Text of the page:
Corporations get enormous benefits that regular “persons” do not. One of the biggest is limited liability. This means that the shareholders are not liable for the debts of the corporation. A corporation can get in a lot of trouble, financial and otherwise, and then just close up shop, divide its assets to its creditors, and the shareholders can just walk away losing only the money they originally put in. While it might be a “person” to certain members of the Supreme Court, there is no person to be made to work off the debt or to put in jail.
Corporations also enjoy lower tax rates than people do. (Except for the people who make a gain from the shares: they get a special, even lower tax rate called “capital gains.” Why is this? The capital gains tax rate is lower because the wealthiest make most of their income from capital gains, and the wealthiest make most of their income from capital gains because the capital gains tax rate is lower.)
And of course, corporate “persons” never have to die.
In return, we the people of the United States ask corporations to pitch in to help pay for the roads and courts and schools and scientific research and government contracts and the rest of the things that have helped make them the prosperous entities they are. But a number of American corporations are so fed up with the idea that should pay their taxes that they are actually renouncing their U.S. citizenship. These corporations are “leaving” the U.S. to dodge taxes—but their executives, employees, offices, stores, customers etc. are still here. The only thing that is really leaving the country is the requirement to pay U.S. taxes.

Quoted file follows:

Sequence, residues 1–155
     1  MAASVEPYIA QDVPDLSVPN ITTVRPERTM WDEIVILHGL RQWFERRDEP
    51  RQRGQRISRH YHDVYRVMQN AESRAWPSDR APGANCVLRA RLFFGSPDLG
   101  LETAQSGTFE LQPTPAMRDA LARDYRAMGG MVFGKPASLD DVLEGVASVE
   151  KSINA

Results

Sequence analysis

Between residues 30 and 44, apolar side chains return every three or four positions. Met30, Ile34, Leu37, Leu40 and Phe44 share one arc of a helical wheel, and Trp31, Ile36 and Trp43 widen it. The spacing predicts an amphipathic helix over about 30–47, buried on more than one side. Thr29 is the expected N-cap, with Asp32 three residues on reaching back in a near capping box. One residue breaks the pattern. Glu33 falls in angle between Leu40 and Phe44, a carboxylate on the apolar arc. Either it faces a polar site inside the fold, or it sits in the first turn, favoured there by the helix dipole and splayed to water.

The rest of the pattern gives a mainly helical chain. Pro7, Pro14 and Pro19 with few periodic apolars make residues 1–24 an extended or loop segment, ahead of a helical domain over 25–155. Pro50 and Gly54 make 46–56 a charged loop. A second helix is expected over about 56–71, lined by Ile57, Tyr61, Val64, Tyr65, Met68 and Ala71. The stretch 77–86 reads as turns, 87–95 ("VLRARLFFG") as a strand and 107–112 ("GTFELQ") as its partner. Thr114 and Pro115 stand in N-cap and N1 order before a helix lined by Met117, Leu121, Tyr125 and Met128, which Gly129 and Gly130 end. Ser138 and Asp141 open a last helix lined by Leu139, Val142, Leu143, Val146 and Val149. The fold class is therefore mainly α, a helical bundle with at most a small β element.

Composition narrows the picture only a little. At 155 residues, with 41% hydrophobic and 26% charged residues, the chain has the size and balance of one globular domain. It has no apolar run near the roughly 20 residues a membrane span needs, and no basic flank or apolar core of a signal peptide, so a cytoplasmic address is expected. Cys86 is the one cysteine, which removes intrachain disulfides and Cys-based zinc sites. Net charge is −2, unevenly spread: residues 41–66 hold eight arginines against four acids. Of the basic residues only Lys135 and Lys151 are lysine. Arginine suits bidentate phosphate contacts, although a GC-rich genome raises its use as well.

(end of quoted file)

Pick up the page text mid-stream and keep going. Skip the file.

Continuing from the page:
These corporations are able to “leave” the U.S. by engaging in something called inversion. Explaining an inversion is a bit complicated. A U.S. company buys or merges with a non-U.S. company, and the result is that the U.S. company can be considered to be a company from the other country. But at the same time the company keeps most of its operations, etc. inside the U.S. The result is that it might still owe taxes on income reported as made in the U.S., but it owes no taxes on income elsewhere.
Here are five companies – only a handful of the total — that have or are trying to renounce their U.S. citizenship to avoid paying taxes to help cover the benefits they receive.
Walgreens is the U.S.’ largest pharmacy retailer with 8,200 stores and locations in all 50 states, and the company is currently deciding whether to renounce its U.S. corporate status and instead claim on paper to be a Swiss company. According to Americans for Tax Fairness, this move would mean Walgreens avoids paying $4 billion in U.S. taxes in the next five years.
Americans for Tax Fairness points out that “Walgreens receives nearly a quarter of its income from taxpayers through government programs. Of its $72 billion in 2013 sales, an estimated $16.7 billion, or 23 percent, came from Medicare and Medicaid.” (See Is Walgreens Trying To Leave The U.S.?)
Medtronic Inc., a medical device maker with $17 billion in annual sales, is in the middle of purchasing Ireland’s Covidien for $42.9 billion as a tax-avoidance scheme.